The following is a list of some of the challenges that Managers in Service Operation should expect to face. There is no easy solution to these challenges, mainly because they are by-products of the organization culture and the decisions made during the process of deciding the organizational structure.

The purpose of including the list is to ensure that Service Operation Managers are conscious of them and can create a plan to deal with them. The differences between Design activities and Operational activities will continue to present challenges.

This is for some reasons, including the following:

Service Design may tend to focus on an individual service at a time, whereas Service Operation tends to focus on delivering and supporting all services at the same time. Operation Managers should work closely with Service Design and Service Transition to provide the Operation perspective to ensure that design and transition outcomes support the overall operational needs.

Service Design will often be conducted in projects, while Service Operation focuses on on-going, repeatable management processes, and activities. The result of this is that operational staff are often not available to participate in Service Design project activities, which in turn results in IT services that are difficult to operate, or which do not include adequate manageability design elements.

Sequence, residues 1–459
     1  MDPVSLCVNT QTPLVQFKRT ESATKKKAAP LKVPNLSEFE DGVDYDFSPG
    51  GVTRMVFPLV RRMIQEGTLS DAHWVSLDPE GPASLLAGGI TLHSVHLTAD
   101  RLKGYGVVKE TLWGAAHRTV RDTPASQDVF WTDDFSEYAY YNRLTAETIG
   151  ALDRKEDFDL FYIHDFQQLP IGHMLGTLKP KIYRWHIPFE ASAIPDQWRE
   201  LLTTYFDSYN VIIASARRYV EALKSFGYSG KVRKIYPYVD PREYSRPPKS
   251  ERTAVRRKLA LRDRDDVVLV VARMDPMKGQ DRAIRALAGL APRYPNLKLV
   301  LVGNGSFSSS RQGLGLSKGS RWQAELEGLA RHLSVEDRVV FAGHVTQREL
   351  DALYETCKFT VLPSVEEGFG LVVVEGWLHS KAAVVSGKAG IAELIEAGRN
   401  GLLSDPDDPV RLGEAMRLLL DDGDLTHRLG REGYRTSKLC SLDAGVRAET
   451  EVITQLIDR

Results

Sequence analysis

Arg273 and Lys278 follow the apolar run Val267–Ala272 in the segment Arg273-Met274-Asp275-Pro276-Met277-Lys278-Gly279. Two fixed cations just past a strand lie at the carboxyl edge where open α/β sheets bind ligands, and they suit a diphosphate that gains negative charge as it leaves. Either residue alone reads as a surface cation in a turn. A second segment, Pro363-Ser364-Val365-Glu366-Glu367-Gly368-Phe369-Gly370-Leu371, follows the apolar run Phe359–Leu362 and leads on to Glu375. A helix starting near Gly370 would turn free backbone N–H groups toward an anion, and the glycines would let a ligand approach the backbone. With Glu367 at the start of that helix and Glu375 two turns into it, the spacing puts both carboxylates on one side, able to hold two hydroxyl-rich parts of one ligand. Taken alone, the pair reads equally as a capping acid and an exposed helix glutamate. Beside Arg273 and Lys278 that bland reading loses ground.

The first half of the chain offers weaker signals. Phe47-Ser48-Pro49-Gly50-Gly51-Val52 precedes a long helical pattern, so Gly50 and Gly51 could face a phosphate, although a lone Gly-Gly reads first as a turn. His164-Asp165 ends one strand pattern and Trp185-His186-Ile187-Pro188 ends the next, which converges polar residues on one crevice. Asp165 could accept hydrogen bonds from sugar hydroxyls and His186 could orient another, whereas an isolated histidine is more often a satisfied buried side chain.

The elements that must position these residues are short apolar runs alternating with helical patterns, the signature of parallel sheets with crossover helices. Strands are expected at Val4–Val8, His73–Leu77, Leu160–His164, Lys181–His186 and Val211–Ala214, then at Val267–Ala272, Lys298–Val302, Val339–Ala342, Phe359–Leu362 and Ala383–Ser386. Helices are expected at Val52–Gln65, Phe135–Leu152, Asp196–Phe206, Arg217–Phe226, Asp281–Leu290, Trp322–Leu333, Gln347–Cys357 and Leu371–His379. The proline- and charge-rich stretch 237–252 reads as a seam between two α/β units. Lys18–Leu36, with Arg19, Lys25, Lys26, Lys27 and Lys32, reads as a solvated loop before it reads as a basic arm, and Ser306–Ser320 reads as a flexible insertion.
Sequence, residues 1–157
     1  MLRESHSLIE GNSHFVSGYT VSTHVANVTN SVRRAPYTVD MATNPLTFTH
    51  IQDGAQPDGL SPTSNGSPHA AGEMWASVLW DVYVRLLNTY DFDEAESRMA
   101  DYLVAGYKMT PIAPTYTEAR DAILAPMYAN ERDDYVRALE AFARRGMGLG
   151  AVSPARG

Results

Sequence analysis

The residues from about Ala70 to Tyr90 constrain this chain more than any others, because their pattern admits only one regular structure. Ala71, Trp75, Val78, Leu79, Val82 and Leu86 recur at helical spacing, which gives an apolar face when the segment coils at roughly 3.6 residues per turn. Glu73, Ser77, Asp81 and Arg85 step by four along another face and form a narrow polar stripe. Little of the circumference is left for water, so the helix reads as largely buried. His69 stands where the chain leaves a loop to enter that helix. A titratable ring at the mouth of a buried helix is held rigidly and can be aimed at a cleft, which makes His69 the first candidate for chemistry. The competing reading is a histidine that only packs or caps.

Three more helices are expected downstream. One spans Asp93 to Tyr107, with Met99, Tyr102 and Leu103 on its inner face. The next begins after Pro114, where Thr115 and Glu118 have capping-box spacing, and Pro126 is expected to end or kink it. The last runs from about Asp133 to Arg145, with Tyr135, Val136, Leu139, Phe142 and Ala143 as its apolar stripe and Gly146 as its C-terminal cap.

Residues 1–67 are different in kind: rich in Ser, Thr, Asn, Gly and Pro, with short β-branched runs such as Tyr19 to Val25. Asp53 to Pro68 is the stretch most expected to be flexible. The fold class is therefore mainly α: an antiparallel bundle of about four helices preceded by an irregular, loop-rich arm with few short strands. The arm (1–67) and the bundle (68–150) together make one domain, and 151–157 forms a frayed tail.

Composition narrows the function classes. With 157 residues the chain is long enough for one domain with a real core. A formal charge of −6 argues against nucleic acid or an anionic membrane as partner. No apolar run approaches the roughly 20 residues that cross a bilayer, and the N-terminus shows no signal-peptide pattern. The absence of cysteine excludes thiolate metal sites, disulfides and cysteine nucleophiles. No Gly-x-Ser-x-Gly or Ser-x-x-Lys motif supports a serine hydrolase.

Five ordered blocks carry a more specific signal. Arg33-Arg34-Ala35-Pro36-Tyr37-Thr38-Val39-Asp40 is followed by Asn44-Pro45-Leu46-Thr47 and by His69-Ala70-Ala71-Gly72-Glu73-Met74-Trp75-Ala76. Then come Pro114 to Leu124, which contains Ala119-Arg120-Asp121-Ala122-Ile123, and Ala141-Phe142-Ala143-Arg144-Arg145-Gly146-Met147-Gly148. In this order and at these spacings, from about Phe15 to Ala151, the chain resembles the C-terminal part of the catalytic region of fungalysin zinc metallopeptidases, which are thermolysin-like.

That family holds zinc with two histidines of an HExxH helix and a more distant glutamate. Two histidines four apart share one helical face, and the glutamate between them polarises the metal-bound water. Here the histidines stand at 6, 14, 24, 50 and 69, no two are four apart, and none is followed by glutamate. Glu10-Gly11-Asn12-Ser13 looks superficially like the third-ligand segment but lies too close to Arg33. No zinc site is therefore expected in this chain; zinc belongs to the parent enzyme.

Also, once project staffs have finished the design of one IT Service, they could move onto the next project and not be available to support difficulties in the operational environment.

Overcoming this challenge requires Service Operation to plan for its staff to be actively involved in design projects, to resource the transition activities and participate in Early Life Support of services introduced in the operational environment. The two stages of the lifecycle have different metrics, which encourages Service Design to complete the project on time, to specification and in the budget.